Bureaucracy Blues & Alpha Jerk
By Craig Horne
Bureaucracy Blues sets the exploits of a ‘wannabe’ rock star against the backdrop of the public service in the ‘70s. In the sequel, Alpha Jerk, the dream turns sour, curdled by fame, money, power, sex and too many drugs. These days author Craig Horne has metamorphosed to become a blues statesman with his own band the Hornets.
The opening novel epitomises the 1970s as the decade of possibilities: when a young man could join the public service and then take leave without pay to play as a support band on an East Coast tour. For anyone who grew up in Melbourne in that era, this book will open memory's floodgates. Horne recreates images of Lygon St, bands at inner city pubs, the exodus to Nimbin seeking nirvana and the optimistic naivety that characterised the period.
Alpha Jerk is an altogether darker novel following the lives of the three main characters from drug rehabilitation to setting up house in inner Melbourne. They begin a journey of self-discovery experiencing along the way all the excesses of the 1980s including soap stars who want to be rock singers, techno music, corporate takeovers, property speculation, the sharemarket, cross dressing, Hells Angels and performance poetry.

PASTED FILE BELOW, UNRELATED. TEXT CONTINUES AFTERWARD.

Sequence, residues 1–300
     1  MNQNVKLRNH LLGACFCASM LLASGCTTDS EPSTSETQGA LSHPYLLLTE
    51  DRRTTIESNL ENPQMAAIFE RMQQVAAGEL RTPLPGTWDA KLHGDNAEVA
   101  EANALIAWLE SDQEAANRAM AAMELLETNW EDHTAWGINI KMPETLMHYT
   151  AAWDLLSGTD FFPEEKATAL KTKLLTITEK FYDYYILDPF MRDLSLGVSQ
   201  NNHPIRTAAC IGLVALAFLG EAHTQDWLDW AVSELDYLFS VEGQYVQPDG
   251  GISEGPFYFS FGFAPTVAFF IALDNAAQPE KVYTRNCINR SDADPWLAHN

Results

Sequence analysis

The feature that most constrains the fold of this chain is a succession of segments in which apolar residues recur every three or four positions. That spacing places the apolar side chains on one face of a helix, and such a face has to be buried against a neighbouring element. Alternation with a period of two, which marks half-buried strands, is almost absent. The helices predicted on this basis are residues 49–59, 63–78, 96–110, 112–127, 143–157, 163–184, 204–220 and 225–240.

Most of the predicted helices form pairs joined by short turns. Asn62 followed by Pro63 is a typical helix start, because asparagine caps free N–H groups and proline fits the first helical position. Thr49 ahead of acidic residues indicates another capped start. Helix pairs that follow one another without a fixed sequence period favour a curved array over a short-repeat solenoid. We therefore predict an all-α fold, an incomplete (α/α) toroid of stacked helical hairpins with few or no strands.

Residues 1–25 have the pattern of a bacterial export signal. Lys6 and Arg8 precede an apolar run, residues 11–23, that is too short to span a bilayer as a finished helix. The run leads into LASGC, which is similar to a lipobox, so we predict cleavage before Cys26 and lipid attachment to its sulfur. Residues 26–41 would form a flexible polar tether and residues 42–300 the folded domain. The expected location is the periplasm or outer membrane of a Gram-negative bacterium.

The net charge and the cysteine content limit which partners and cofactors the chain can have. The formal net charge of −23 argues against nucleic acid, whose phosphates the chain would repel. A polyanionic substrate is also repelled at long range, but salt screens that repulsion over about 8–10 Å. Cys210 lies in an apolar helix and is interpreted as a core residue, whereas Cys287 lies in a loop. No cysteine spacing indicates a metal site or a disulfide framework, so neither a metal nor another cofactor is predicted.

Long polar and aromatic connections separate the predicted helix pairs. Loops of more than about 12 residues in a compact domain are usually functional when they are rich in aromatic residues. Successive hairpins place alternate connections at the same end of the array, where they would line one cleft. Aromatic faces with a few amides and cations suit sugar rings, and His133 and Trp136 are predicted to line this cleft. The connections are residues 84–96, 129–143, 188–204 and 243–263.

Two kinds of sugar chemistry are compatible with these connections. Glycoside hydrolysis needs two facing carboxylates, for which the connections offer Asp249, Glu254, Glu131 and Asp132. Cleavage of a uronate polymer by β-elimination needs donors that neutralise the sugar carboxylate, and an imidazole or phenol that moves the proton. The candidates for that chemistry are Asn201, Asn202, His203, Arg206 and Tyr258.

Both retailed for $24.50
185pp & 190pp
Paperback, published in the '90s
ISBN 0 646 26608 X & ISBN 0 9586263 2 4
Praise for Bureaucracy Blues and Alpha Jerk
"Horne gives a warm and humorous account of growing up at a time when change seemed tangible.”
– Jann Gilbert, Australian Book Review on Bureaucracy Blues
"Cuts hard and fast like a Hendrix lead break."
– musician, Stephen Cummings on Alpha Jerk
About the author
Craig Horne is lead singer of the Hornets and has graduated to become a solid blues presence on the Melbourne scene with his long-standing band featuring standout musicians like Jeff Burstin (Jo Jo Zep and the Falcons, Black Sorrows) and Gary Young and Wayne Duncan (Daddy Cool). A speechwriter in his day-time job, he most recently wrote for Victorian Police Commissioner, Ken Lay. After close on 40 years, he still lives in Fitzroy, is still married and has two boys.
He co-authored Runs Around Melbourne, wrote and produced the Radio National series The Housing Game and is to blame for introducing the world to footy rock (as heard on the Coodabeen Champions radio show).